Because we conclude that the waste flow regulations discriminate against interstate commerce on their face or in effect, and that they are not protected from dormant Commerce Clause scrutiny under the market participant exception, the only remaining question is whether the regulations can survive the heightened scrutiny test. "Once a state law is shown to discriminate against interstate commerce either on its face or in practical effect, the burden falls on the State to demonstrate both that the statute serves a legitimate local purpose, and that this purpose could not be served as well by available nondiscriminatory means." Maine v. Taylor, 477 U.S. 131, 138 (1986) (internal quotations and citation omitted). While Atlantic Coast urges us to decide whether the Department has so demonstrated, we decline to do so.
When the district court decided this case, C & A Carbone had not been decided and J. Filiberto Sanitation v. Department of Environmental Protection, 857 F.2d 913 (3d Cir. 1988), was the law of this circuit. Understandably relying on Filiberto, the district court balanced the benefits to New Jersey against the burden on interstate commerce under Pike. It therefore had no occasion to consider whether the Department had accomplished the much more onerous task of demonstrating that there is no alternative to its waste flow control regulations that would accomplish its legitimate objectives.
The parties compiled a very substantial record in the district court, much of which consisted of live testimony the district court had the benefit of hearing. Based on that record, it is not difficult to believe the Department and the amici when they insist that New Jersey has one of the most serious and complex solid waste problems in the country. At the same time, it is apparent from the record that the feasibility and effectiveness of alternative measures pose technologically and economically complex issues. While these issues have been touched upon in the briefing before us, it is fair to say that they have not been the focus of the parties' efforts on this appeal.*fn21 In this context, we believe that this court, the parties, and the public deserve the benefit of the district court's views before this controversy is finally resolved.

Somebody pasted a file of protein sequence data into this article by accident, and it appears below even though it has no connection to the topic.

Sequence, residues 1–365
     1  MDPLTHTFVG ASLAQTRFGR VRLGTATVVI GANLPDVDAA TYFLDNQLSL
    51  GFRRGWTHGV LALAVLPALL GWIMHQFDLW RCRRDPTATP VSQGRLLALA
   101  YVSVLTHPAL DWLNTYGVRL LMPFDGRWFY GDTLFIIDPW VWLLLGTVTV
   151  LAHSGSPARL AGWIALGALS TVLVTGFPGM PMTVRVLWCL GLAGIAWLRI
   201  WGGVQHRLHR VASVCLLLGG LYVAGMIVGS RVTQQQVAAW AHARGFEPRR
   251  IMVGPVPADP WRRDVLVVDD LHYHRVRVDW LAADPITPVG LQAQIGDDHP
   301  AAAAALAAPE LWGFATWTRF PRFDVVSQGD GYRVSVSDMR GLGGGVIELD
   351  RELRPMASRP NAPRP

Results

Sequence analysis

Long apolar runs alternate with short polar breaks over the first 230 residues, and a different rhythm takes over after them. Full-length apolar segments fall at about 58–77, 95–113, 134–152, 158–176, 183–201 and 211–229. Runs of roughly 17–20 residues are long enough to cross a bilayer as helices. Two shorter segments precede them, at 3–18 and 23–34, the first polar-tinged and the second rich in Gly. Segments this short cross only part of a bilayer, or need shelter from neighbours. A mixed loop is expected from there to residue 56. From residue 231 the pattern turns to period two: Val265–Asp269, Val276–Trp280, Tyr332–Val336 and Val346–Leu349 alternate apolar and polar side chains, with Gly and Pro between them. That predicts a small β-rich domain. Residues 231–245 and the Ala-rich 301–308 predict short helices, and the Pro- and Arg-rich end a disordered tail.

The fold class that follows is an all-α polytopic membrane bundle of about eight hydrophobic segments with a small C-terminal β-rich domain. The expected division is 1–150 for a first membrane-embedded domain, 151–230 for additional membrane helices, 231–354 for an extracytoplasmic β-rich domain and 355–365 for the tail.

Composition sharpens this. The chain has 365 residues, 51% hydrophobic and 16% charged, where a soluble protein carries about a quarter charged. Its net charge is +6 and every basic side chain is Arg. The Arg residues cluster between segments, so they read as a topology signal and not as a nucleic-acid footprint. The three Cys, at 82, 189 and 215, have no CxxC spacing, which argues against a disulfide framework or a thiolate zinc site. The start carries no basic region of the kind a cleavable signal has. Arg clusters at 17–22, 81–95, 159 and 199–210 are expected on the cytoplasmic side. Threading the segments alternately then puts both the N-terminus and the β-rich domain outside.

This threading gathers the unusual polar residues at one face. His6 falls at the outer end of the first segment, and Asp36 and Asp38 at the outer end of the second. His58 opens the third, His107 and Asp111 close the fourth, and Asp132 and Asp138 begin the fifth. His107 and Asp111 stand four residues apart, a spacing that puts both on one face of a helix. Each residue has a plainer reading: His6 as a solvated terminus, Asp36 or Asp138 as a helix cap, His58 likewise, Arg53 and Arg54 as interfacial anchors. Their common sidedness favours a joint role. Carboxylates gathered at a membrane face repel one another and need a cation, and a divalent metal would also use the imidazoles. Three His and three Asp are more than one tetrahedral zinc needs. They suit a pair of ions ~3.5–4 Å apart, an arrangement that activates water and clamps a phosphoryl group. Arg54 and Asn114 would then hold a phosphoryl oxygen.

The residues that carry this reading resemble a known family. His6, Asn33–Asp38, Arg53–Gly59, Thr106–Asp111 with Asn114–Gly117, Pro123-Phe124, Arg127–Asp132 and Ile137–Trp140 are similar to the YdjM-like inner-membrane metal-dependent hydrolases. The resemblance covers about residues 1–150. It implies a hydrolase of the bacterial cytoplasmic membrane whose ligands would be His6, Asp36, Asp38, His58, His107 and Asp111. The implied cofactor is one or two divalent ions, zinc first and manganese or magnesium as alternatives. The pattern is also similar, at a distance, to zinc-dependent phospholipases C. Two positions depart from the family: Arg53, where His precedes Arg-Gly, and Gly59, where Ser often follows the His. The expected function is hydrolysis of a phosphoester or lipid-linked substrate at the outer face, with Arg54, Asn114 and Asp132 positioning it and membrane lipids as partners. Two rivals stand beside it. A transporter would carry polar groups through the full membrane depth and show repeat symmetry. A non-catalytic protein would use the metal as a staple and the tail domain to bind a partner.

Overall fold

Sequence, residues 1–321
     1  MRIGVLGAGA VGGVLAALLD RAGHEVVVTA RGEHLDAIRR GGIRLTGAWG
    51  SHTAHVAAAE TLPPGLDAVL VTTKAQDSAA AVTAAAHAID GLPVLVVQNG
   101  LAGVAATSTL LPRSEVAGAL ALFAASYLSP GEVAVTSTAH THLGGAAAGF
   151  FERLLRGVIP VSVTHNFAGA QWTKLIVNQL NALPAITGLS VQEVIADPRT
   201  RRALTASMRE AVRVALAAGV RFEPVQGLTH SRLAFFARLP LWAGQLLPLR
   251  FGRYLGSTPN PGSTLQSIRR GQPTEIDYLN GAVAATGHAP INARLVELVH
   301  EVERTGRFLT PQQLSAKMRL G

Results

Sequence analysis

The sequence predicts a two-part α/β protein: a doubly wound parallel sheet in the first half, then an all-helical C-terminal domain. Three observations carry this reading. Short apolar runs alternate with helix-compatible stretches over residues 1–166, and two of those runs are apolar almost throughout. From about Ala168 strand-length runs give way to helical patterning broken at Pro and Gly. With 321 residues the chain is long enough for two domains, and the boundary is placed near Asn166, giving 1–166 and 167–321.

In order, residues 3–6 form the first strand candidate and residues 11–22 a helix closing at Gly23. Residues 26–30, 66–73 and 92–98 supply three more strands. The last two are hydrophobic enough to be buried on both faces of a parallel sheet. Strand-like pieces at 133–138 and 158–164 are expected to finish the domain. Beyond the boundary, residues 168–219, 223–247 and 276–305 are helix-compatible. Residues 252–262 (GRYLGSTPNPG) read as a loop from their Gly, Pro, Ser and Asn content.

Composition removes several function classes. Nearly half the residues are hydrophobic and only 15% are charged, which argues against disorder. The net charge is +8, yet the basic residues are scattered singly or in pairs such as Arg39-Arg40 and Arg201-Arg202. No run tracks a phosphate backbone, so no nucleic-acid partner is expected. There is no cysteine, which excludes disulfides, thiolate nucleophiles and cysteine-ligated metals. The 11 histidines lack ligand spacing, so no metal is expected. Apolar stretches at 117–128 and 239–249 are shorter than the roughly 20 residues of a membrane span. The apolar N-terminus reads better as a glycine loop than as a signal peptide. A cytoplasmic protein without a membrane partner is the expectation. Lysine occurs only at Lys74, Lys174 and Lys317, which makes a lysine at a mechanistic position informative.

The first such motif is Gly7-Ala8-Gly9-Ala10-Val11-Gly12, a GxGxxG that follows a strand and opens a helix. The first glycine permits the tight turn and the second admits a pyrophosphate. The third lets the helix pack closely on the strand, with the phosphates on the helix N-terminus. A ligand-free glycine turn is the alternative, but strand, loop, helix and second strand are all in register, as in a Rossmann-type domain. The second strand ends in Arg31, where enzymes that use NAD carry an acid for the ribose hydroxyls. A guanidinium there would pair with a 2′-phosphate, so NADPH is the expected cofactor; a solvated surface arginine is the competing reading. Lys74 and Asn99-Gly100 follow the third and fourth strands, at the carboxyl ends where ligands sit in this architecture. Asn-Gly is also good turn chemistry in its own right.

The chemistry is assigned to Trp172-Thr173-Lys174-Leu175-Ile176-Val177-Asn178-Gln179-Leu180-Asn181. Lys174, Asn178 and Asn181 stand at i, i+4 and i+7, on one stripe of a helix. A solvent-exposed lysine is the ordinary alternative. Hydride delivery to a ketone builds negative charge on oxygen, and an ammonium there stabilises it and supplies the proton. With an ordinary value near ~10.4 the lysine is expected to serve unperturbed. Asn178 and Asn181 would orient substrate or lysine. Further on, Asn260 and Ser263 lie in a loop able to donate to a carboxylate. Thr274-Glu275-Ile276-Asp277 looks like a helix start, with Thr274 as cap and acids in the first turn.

We are mindful of the fact that New Jersey has vowed not to abandon its present system until compelled to do so and of Atlantic Coast's contention that it suffers more irreparable injury with each passing month. We note, however, that Atlantic Coast is free at any time to apply again for pendente lite relief. The district court's prior decision to deny such relief was based primarily on its Conclusion that Atlantic Coast had failed to demonstrate a likelihood of success on the merits of its challenge. This Conclusion was based in turn on its view that the more lenient Pike test was the applicable one. After
C & A Carbone, the likelihood of success issue is a materially different one from that which the district court previously addressed.
Because the waste flow regulations discriminate against interstate commerce by restricting the access of out-of-state facilities to waste processing and disposal service markets, they can be upheld only if they can survive the heightened scrutiny required by C & A Carbone. Because the district court analyzed the waste flow regulations under the more lenient Pike balancing test, we will remand for application of the appropriate test. For the foregoing reasons, the district court's judgment in favor of the Department will be reversed and this case will be remanded for further proceeding consistent with this opinion.